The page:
Back from the Dead and Ready to Party

I apologize for not showing up here for a bit. I’m sure both of my readers have been disappointed beyond measure.

 Reader #1: Hey Freddie? Who was that blogger we used to read? Poppy? Kissy? Something?

Reader #2: I don’t know anybody by that name. Put on the TV. Nova’s got something interesting.

There are a number of reasons (no excuses) for this to have happened. Finishing the first cut of a novel. Some nuisance medical issues. Work. Family. The phase of the moon. Fluctuations in the element Carbon.

But one reason did seem to flocculate to the top of the pond: I got burnt out.

Ken Kesey said that he was in a writer’s workshop when he realized that a bad book took just as much work as a good book. So are these science articles. One can argue their quality but they take a lot of work. After the last batch I just didn’t have it in me to blog about anything for a while.

Clearly, something had to change.

What I’ve decided to do is lighten them up some. Show some science. Talk about some things that interest me that are not science. Have a bit more fun with less effort.

Yeah. Good luck with that.

In that vein here is the first one: A quick look at a bunch of interesting articles. Have fun.

U.S. Tightens Rules on Antibiotics and Livestock: 80% of all antibiotics used in the USA are used in livestock. Imagine the sea of excrement that comes from livestock and works its evil way to the sea. Now lace that wonderful river with antibiotics. Now listen to all of the rhetoric regarding antibiotic resistant bacteria and physicians prescribing antibiotics. Cognitive dissonance anyone?

Teamwork Builds Big Brains: What humans do better than any other species is cooperate with one another. Now there’s solid evidence that it may serve as at least one of the sources of the selection pressure for all of that tissue between our ears.

Egg shaped dinosaur evolution: The big question about the Cretaceous extinction isn’t that dinosaurs died. It’s that mammal and birds lived when dinosaurs died. What is the selection mechanism of the Cretaceous extinction? Now one idea is that the life cycle of the dinosaurs might have made them vulnerable to the sort of extinction event that happened at the K-T boundary. Probably doesn’t explain the demise of marine reptiles or pterosaurs.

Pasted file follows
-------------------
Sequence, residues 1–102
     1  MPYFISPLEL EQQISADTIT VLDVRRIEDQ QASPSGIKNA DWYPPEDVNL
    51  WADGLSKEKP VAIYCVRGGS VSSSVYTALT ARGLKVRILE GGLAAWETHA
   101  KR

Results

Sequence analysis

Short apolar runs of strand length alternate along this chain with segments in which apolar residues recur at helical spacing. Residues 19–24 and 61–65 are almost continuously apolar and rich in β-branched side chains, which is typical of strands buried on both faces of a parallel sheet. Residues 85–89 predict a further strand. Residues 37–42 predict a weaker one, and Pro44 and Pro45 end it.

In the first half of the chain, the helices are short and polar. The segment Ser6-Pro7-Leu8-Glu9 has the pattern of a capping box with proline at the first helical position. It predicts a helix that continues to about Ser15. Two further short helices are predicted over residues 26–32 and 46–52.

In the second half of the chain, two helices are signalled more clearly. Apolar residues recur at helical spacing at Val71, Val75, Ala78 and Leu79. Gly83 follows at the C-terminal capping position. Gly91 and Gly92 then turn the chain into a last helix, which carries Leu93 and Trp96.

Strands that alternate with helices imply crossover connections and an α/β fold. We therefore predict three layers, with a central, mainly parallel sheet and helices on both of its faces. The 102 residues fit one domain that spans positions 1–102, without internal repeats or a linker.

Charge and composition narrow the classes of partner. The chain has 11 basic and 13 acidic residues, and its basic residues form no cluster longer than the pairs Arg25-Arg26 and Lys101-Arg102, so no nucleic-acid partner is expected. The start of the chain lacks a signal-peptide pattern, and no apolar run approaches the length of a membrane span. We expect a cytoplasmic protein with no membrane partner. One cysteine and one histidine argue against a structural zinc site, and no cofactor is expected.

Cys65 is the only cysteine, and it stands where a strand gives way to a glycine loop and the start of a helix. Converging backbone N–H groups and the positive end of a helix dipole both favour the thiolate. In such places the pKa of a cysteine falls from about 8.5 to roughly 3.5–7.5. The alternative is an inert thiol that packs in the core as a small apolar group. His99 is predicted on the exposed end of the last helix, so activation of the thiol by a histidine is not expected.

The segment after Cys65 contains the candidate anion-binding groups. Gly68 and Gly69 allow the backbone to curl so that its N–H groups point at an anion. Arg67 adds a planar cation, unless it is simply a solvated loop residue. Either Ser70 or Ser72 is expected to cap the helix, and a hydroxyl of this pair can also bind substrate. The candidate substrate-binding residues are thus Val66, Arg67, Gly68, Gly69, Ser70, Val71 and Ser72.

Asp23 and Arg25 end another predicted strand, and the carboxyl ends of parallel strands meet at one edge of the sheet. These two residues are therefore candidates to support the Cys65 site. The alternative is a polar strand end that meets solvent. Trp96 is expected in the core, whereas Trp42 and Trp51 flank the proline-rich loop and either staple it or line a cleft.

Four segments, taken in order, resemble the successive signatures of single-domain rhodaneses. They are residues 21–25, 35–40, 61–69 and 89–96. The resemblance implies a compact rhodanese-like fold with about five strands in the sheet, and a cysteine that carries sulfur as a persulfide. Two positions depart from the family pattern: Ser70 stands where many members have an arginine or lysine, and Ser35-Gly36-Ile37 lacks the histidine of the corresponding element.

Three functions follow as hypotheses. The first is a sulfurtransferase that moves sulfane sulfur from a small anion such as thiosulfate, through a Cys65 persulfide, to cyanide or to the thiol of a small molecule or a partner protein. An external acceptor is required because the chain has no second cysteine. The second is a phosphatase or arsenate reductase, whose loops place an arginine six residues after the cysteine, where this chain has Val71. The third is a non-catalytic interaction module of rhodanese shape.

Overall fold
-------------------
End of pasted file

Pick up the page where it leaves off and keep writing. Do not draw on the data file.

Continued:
New wrinkles in Dark Matter here and hereSomething makes the rims of galaxies turn faster than they should. That’s the original evidence of dark matter: a large amount of that something that has a gravitational effect but is otherwise unobserved. Yet it doesn’t seem to show up around here: the locality around Sol. Why not?

Non-DNA DNA like molecules: DNA and RNA for the longest time were considered the sole possible mechanism for genetic inheritance. Not necessarily so. This does open two questions: 1) do we have to have DNA and RNA for extraterrestrial life and 2) Why did DNA and RNA become sole proprietors on earth?

Beating Down the Earth with Asteroids: The Late Heavy Bombardment is when the Earth was pummeled again and again with huge rocks. Big craters. Big events. It was supposed to have stopped about 3.7 billion years ago. New evidence suggests that it actually stopped about 1.8 billion years ago. Prokaryotic life is thought to have started about 3.5 billion years ago– close to the end of the Late Heavy Bombardment. Now it looks like the early life forms might have happily tolerated being occasionally obliterated by a white hot impact. Eukaryotes, however, are thought to have originated 1.6-2.1 billion years ago. Hm. Interesting coincidence.

Wind Farms may have a role in climate change: They mix night time cool are on the ground with warmer upper air. Ah we live in interesting times.

New characteristics of the Permian Extinction: Biochemical evidence of “the animals died from a lack of dissolved oxygen in the water, an excess of carbon dioxide, a reduced ability to make shells from calcium carbonate, altered ocean acidity and higher water temperatures.” Curious. That sounds very familiar.

Concerns about GM crops: Use of herbicide causes select for increased resistance to herbicides. Many GM crops have built in resistance to such herbicides allowing enormous quantities of herbicides to be dumped on them to kill the weeds and leave the crops. Result: increased weed resistance to herbicides. Wow! Who would have thought it?

New model of solar system formation: Jupiter started out as a little guy. But when he grew up he changed everything.

Mouse Brain in Silico: Scientists are building a virtual mouse brain. From which they will learn enough to build a virtual human brain. What will they think about?

Brain Scans of Comatose Patients and Consciousness: This is just scary. Is there brain death? And would anyone but the patient really know?

When Men are Less Moral Than Women: American men, anyway.

And that’s it for now.

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Back from the Dead and Ready to Party — 3 Comments

  1. You know, I’ve been blaming Carbon for years. Glad you’re finally on the bandwagon. The story about non-DNA genetic molecules is fascinating. Glad you’re back.